I grew up in a small village with only 100 residents
About my childhood, oh wow, that’s 40 years ago! I grew up in a small village in the Northern part of the Netherlands, Baijum, with only 100 residents! I think there were only two or three kids my age. There was an elementary school in the next village, so, from a very young age, my mum put me on a bike to drop me off to school.
As I grew a bit older I started cycling with my older brother. Then, once I started high school, I met a couple of kids from a village nearby. Together we formed a small bicycle group: meeting up in a crossroad in the middle of nowhere every morning and riding those ten kilometres through the countryside. I would always be 30-60 mins early at the crossroad, just hanging around in the fields, losing my thoughts while watching the cows, the sunrise, and nature.
So I was a terrible kid, a rebel already since a pretty young age!
I did not have any role models in my mind and certainly did not think about entrepreneurship as something stylish. Actually, I always questioned everything. I was raised in a family where the life path was: “You work hard, you study hard, you make lots of money”. I never felt it, it never spoke to me. That could not be the only path. Again, I questioned everything, including that path. So I was a terrible kid, a rebel already since a pretty young age!
One day I met this kid who was into punk. He let me listen to some mixtapes he had and a couple of bands really grabbed my attention. I got into the punk lifestyle. I shaved my head mohawk style, put chains on my belt and studs in my jacket. I even did a big drawing on the back of that jacket too. I still remember coming home that day with my shaved head. My father saw me entering the village and got out to our porch: “Don’t step into my lawn, you’re not my son anymore!!” [laughing]. I was a rebel.
I was showing respect to my friends by listening to their life problems
However, I already had a trait that I think applies to entrepreneurs: lots of kids in high school would come to me if they had problems. And I don’t mean it in a problem-solving way. I was not Mr Wolf from Pulp Fiction, but I was really good at listening. I was showing them respect by listening to their life problems. A punk attitude of questioning everything is not incompatible with listening: you question things, you are curious, and then you listen. I think this has transpired to the values I think a small company needs to have to be able to move forward.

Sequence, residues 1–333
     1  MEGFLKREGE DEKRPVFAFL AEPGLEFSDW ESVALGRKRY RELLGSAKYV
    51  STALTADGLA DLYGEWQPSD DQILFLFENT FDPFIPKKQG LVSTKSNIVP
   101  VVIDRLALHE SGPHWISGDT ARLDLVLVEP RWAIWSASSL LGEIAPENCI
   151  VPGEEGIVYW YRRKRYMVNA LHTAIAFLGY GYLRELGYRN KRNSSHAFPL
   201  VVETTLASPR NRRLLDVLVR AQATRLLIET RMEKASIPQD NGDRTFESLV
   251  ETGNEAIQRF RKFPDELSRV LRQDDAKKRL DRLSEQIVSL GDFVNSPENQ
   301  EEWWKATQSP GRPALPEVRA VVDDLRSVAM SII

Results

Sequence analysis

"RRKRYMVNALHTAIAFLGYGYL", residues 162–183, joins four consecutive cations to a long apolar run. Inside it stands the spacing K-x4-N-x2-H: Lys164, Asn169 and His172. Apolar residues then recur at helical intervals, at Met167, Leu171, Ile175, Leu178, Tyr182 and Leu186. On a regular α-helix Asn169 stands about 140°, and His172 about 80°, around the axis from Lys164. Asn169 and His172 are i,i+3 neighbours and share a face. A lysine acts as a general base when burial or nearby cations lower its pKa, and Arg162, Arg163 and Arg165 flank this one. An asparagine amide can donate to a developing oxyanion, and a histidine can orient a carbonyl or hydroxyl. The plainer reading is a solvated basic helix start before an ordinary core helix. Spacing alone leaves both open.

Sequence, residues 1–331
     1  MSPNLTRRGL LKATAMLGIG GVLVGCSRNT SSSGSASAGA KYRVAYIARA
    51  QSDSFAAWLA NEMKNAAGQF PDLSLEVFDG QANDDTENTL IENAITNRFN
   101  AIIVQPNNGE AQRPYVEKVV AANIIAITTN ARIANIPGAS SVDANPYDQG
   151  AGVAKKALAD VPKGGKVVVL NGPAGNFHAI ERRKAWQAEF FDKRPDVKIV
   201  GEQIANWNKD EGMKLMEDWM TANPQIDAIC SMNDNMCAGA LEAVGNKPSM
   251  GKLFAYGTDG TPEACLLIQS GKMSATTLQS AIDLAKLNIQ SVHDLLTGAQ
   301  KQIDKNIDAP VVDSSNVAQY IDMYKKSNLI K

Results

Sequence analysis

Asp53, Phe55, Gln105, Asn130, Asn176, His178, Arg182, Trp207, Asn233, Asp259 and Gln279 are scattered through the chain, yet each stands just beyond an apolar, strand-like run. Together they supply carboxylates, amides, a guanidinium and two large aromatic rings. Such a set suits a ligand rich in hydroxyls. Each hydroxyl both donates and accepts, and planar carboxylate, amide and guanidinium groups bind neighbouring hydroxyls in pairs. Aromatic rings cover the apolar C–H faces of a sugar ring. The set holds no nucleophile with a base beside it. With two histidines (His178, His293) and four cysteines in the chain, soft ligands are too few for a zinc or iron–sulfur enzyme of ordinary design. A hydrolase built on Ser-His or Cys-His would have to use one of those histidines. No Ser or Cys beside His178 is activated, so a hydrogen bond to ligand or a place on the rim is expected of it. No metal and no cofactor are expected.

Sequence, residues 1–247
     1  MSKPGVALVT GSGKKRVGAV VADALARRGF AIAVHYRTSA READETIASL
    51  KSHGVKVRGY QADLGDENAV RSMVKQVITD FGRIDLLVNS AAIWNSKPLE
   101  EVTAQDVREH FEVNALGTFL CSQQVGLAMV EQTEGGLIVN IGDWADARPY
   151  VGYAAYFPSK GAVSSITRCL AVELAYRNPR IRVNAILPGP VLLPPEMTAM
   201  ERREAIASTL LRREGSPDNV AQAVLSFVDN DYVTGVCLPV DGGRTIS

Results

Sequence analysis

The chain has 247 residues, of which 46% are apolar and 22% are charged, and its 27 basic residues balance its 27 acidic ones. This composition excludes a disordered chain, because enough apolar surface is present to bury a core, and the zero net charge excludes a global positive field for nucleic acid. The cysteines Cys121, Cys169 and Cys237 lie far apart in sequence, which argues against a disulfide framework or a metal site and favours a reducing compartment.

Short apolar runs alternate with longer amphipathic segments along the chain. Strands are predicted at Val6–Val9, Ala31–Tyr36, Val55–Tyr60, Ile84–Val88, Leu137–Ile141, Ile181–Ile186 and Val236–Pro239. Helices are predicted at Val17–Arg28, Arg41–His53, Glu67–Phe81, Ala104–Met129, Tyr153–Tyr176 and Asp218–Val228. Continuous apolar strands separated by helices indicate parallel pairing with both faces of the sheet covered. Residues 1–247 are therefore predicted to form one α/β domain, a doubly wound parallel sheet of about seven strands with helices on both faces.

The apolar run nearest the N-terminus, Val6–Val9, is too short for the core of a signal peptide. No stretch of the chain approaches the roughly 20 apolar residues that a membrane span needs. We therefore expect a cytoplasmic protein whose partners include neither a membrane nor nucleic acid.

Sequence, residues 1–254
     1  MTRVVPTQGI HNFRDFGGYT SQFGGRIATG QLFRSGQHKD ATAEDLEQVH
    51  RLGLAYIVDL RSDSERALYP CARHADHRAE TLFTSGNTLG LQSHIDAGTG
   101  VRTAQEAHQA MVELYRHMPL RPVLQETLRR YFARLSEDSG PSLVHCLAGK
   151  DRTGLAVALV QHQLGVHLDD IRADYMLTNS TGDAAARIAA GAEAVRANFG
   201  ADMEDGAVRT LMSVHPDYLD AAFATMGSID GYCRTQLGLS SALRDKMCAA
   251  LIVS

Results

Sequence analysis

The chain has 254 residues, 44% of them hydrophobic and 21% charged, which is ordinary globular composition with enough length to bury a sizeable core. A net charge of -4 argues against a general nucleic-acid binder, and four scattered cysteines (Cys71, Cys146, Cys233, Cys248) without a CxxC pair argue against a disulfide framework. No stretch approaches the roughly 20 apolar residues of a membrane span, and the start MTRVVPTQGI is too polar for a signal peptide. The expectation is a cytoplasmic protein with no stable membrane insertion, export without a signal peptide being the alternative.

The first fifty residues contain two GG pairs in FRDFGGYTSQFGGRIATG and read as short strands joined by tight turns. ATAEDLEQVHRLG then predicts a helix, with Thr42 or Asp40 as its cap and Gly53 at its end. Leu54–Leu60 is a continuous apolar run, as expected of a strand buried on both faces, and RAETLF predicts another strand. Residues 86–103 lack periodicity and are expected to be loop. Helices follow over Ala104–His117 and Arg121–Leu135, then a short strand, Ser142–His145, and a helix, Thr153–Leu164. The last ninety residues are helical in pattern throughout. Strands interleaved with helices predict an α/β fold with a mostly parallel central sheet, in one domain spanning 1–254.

I also remember the very first time I actually did something, built something, for others to really experience. I met a kid who was a skater and was playing guitar. We got along and thought: why don’t we start a band together? And we did. We put a poster in school looking for a drummer and one week later we were rehearsing in a shed. I was the singer – or the shouter! We borrowed the gear we needed from neighbours and friends, it was lots of fun, but it also impacted me beyond my own experience: ever since that moment I realized there is something special from being on stage and the journey to get there. The reaction from the audience, the building up to the moment, the challenges…
If the cows are having fun in the fields, I thought, why not us!
I felt it was something unique, a place and role where I might belong. We played until I was in my late 20s. I even learned to play bass! The funny thing is, I never woke up thinking “we need to have a more entrepreneurial approach to this, guys! We need to be lean!” [laughing again]. It just happened. Put posters, rehearse, word of mouth, have fun on stage.
When promoting our shows, when actually setting them up… that’s when I discovered the fun and exciting side of productions. We even organized a small festival with all the local bands: a concert in the middle of the fields. If the cows are having fun in the fields, I thought, why not us! And again: it was really fun to actually create this show from scratch and see people having a blast the whole day!
At some point, I realized I had enough of that lifestyle